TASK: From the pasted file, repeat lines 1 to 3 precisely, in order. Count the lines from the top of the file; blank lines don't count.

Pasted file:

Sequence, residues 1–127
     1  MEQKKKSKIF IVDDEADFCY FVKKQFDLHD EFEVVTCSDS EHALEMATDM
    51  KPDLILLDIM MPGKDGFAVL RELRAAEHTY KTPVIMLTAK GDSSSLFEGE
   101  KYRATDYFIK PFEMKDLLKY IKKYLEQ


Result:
Sequence, residues 1–127
     1  MEQKKKSKIF IVDDEADFCY FVKKQFDLHD EFEVVTCSDS EHALEMATDM
    51  KPDLILLDIM MPGKDGFAVL RELRAAEHTY KTPVIMLTAK GDSSSLFEGE